A cameraman with over 50 years experience, Michael O’Connor joined the NZ Broadcasting Corporation as a trainee straight from high school. O'Connor went on to shoot some of New Zealand's most iconic dramas, from Under the Mountain to 1980s cop show Mortimer's Patch. His documentary work includes popular series Heartland and Epitaph, and directing Dalvanius, about singer Dalvanius Prime.
Claude Wickstead started working at the Government Film Studios in 1938. After serving in WWll, he joined the National Film Unit’s sound department, where he contributed to the soundtracks of a great many films including the long-running series Weekly Review and Pictorial Parade. He was in charge of the NFU Sound Department from 1951 until his retirement in 1977.
The long career of Stan Wemyss ranged from South Pacific skirmishes to Māori legends, and gleaming refrigerators. Winner of an MBE after getting caught up in combat in Bougainville as a National Film Unit cameraman, Wemyss later spent many years with commercials company Peach Wemyss. He also produced pioneering te reo TV drama Uenuku.
Palmerston North-born Michael Dean won fame as a longtime presenter on pioneering BBC arts show Late Night Line-Up. Although his three decade broadcasting career was mostly spent in England, Dean also did time downunder. In 1972 he presented an opinionated Survey special on how New Zealand had changed, followed by talk show Dean on Saturday. He passed away in England on 5 October 2015.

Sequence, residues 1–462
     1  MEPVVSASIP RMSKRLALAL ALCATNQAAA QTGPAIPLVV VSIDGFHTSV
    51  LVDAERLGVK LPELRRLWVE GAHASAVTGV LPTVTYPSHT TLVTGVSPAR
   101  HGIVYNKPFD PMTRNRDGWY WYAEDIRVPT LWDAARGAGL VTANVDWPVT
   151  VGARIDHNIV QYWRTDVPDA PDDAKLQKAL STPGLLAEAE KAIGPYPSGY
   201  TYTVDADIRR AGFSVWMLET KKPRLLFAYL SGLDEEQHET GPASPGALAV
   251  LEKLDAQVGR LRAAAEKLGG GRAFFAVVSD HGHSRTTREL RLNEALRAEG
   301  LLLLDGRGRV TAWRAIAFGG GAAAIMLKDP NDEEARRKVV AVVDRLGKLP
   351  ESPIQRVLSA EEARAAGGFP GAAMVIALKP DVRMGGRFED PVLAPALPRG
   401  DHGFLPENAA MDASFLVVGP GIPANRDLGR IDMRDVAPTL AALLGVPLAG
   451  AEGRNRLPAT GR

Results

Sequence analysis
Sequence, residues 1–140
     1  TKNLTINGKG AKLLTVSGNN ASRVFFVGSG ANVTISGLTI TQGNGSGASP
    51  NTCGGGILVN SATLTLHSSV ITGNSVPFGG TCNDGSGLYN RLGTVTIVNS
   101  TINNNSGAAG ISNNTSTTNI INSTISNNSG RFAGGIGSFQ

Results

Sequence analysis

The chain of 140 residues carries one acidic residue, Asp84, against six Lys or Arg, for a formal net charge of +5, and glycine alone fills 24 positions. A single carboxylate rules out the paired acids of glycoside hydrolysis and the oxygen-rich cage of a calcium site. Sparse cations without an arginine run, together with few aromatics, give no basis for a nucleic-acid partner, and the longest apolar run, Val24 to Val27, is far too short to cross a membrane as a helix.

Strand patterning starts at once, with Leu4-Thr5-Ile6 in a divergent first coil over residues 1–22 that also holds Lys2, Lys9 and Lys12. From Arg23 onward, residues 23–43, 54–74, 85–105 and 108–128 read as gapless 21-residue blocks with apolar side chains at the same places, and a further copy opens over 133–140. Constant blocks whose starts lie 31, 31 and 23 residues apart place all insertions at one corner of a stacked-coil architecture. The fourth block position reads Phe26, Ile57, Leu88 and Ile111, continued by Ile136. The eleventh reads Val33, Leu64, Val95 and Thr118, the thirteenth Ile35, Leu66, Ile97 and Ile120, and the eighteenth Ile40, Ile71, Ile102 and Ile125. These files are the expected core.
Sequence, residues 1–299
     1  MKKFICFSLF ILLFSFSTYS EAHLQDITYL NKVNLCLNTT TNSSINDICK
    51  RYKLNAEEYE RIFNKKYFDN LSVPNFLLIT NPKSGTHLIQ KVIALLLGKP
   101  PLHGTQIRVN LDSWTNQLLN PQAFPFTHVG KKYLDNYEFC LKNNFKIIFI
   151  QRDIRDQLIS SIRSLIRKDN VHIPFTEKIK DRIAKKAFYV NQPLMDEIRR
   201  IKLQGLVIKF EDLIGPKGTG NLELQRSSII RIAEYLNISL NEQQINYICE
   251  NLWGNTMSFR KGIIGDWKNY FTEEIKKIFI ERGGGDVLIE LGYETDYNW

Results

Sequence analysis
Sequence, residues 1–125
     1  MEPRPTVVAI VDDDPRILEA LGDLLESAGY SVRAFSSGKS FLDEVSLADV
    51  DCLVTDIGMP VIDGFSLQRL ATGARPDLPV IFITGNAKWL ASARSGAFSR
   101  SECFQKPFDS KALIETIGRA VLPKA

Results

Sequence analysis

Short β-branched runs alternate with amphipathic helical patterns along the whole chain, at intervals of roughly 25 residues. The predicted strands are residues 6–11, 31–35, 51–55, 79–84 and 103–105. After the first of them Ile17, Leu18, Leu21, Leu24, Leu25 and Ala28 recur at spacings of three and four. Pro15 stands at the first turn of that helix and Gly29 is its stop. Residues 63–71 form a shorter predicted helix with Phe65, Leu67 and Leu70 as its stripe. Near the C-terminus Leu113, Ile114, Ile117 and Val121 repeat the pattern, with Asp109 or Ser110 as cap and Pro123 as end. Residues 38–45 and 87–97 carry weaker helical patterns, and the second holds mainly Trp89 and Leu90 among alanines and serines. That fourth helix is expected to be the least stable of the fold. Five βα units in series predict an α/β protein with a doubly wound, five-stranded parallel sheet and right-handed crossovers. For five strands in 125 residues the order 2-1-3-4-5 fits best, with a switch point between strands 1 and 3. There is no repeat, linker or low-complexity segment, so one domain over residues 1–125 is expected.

TV3 news anchor Mike McRoberts spent a decade as a radio reporter, then made his name as a sports journalist with TVNZ in the mid 90s. After six years with the state broadcaster, including occasional shifts reading the primetime news, he moved to TV3. From 2005, he joined Hilary Barry leading the 6pm news bulletin. Since then he has presented reports and bulletins from Christchurch, Iraq, Haiti and the Philippines.
Ngila Dickson, ONZM, has designed costumes for vampires, university professors, fertility cults, and wizards in pointy hats. And that's only counting the work she has done for Kiwi filmmakers. Since sharing an Academy Award and a BAFTA for The Lord of the Rings trilogy, Dickson has contributed her costume prowess to movies in Japan, Germany, South Africa and Los Angeles.
His name was synonymous with entertainment in New Zealand. Dubbed Ol' Brown Eyes — Māoridom's version of Frank Sinatra — Howard Morrison's voice and charisma carried him through decades of success both here and abroad. From the Howard Morrison Quartet to time as a solo performer, Morrison's take on songs like 'How Great Thou Art' ensured his waiata an enduring place at the top of local playlists.
Veteran cameraman Waynne Williams, MNZM, has shot everything from the Vietnam War and French nuclear testing to the Christchurch quake, TV drama Pukemanu and Australian movie The Box. Over more than half a century, Williams has worked on over 10,000 news stories. The Christchurch-based lensman runs Port Hills productions with partner Anne Williams.
John Toon's globetrotting award-winning career as a cinematographer encompasses documentary, shorts, TV drama (The Governor) and feature films — Rain, Mr Pip, Kingpin and Sunshine Cleaning among them. He has also shot and directed many commercials.
Leo Shelton started his television career in 1967 as a trainee cameraman at Wellington station WNTV-1. He worked his way up through the ranks to become a widely respected camera operator and cinematographer, on everything from news and current affairs to award-winning documentaries and drama. Shelton died on 9 May 2017.